In the context of NLRP3 activation by monosodium urate (MSU) crystals and bacterial peptidoglycan, inhibition of either SGT1 via siRNA or HSP90 using geldanamycin, which competes with ATP binding to HSP90, results in a decrease of NLRP3-mediated inflammation. This shows an essential role of both SGT1 and HSP90 in NLRP3-containing inflammasomes function [50,51]. This result is due to NLRP3 and pro-IL-1β stabilization by fixation of the SGT1/HSP90 complex on the LRR domain of NLRP3, leading to their protection from degradation by autophagy [50,52]. Inhibition of HSP90 also leads to a decrease in Nod2 and IPAF activity, although the mechanism behind this regulation is not known.
In contrast to its effects on NLRP3, Nod2 and IPAF-mediated inflammation, HSP90 was shown to have no effect on NLRP1-mediated inflammation, even though a heat shock leading to its overexpression inhibits NLRP1 inflammasome activation after stimulation with anthrax lethal toxin [53].
In the context of subarachnoid hemorrhage in mice, inhibition of HSP90 by 17-AAG (17-allylamino-17-demethoxygeldanamycin) was shown to inhibit NLRP3 inflammasome activation, whereas the transfection of recombinant HSP90 (rHSP90) increases NLRP3 activation and abolishes the effect of 17-AAG. This effect of HSP90 on the activation of NLRP3 involves the ATP receptor P2X7, as the inhibition of this receptor abolishes the increased NLRP3 activation after transfection with rHSP90 [54]. Another HSP90 inhibitor, AT-533 inhibits herpes simplex virus (HSV-1)-mediated HSP90-NLRP3 interaction and IL-1β production and also inhibits HSV-1 induced NF-κB signaling, leading to a decrease in the synthesis of pro-IL-1β [55].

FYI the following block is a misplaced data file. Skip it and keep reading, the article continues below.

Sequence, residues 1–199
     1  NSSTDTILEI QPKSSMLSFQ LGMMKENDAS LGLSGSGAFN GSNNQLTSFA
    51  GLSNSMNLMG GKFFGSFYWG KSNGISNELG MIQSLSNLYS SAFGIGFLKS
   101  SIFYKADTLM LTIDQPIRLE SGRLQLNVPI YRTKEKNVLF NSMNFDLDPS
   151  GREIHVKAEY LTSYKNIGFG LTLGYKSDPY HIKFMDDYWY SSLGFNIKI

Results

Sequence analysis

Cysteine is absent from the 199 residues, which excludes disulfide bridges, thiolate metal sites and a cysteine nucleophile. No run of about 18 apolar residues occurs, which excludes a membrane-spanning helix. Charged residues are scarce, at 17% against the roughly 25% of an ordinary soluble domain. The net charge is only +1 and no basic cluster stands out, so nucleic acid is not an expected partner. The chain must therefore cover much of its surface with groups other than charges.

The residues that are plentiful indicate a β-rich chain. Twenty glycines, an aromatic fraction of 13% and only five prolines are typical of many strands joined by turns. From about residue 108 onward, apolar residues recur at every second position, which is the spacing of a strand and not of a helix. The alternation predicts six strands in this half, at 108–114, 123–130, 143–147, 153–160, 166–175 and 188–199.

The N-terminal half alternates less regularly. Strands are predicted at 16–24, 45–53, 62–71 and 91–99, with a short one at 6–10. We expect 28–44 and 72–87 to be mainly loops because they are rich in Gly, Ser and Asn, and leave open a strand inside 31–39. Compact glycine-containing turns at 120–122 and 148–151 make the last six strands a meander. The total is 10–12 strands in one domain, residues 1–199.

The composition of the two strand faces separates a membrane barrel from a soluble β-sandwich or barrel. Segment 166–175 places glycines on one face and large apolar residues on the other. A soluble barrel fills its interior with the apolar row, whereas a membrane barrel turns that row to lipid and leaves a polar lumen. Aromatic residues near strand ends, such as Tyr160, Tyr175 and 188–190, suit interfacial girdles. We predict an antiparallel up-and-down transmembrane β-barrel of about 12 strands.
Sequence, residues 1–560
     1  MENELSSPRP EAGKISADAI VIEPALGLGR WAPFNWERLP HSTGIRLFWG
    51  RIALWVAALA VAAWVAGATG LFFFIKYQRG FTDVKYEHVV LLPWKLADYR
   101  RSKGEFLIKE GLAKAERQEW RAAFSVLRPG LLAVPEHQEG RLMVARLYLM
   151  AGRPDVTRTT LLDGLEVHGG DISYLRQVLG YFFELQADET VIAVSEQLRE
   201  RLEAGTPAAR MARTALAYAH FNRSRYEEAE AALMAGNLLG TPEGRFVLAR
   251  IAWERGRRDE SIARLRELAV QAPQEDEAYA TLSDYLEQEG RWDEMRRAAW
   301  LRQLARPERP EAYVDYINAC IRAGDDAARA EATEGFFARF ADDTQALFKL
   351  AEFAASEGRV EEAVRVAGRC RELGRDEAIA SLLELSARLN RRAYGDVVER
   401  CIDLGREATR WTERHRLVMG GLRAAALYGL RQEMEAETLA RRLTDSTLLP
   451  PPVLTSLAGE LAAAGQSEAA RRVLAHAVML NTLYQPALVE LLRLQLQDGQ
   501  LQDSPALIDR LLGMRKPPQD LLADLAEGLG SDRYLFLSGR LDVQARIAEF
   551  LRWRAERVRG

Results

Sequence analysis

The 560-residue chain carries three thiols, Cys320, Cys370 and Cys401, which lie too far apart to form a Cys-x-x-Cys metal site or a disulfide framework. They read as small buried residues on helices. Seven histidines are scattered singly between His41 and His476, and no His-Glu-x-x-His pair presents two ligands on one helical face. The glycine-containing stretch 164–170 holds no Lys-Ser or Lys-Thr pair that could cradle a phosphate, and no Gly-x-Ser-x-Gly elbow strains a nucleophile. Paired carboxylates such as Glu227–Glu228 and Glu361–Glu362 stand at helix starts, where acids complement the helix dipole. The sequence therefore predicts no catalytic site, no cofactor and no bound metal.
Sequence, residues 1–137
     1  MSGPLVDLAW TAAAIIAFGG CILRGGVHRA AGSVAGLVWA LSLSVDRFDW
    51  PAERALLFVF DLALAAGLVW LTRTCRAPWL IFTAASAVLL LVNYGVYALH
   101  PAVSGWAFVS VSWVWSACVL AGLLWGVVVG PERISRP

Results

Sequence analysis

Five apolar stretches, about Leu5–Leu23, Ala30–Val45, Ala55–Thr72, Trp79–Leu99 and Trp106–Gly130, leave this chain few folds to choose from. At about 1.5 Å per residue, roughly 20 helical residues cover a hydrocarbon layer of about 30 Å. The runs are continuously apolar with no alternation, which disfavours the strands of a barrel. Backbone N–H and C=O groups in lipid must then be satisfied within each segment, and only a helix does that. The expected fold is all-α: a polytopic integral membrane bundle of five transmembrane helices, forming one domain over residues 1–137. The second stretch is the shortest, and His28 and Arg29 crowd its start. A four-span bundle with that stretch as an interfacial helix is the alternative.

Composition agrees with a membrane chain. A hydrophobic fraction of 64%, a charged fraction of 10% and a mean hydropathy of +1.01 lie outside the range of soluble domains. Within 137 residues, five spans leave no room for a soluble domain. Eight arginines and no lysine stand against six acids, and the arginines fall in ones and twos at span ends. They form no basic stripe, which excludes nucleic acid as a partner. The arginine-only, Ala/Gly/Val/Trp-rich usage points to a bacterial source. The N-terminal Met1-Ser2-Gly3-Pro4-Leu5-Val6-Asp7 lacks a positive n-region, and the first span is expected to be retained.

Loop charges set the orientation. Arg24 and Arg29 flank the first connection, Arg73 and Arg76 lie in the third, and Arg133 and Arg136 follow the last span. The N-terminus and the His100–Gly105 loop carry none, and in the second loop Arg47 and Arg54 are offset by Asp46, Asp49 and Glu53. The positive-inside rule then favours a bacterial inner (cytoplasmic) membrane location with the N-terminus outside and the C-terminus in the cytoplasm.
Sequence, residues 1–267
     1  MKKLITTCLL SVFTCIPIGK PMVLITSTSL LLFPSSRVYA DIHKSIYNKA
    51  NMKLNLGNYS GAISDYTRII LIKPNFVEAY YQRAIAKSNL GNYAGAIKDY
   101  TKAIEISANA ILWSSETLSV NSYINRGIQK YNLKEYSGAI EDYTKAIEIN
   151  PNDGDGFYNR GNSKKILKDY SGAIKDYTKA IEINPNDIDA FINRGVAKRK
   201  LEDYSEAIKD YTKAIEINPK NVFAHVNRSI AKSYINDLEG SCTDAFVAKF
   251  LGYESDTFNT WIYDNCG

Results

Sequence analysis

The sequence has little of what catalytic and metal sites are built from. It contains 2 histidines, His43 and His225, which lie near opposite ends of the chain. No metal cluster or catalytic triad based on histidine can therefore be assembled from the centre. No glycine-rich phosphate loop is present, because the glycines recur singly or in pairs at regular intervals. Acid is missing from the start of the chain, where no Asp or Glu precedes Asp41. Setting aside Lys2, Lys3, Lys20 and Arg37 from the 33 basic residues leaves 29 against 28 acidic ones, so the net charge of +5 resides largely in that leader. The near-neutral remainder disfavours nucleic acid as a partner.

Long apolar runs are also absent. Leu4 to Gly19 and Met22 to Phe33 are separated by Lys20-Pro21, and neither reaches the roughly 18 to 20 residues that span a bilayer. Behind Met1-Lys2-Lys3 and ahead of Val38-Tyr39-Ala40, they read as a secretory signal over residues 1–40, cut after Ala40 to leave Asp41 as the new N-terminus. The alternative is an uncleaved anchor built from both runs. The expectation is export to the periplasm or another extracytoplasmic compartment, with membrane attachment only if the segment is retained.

2.4. Gp96

Extracellular heat shock protein gp96 is able to activate NLRP3 inflammasome in antigen presenting cells. Firstly, treatment of these cells with gp96 leads to an increased pro-IL-1β and NLRP3 protein expression. This increase is the result of the interaction between gp96 and the receptor CD91, which will subsequently activate both the NF-κB and MAPK (Mitogen-Activated Protein Kinase) pathways. Inhibition of either NF-κB with cardamonin or MAPK with SB203580 abolishes the NLRP3 inflammasome activation by extracellular gp96. This indicates an involvement of gp96 in the activation of the “priming” step of the NLRP3 inflammasome [56].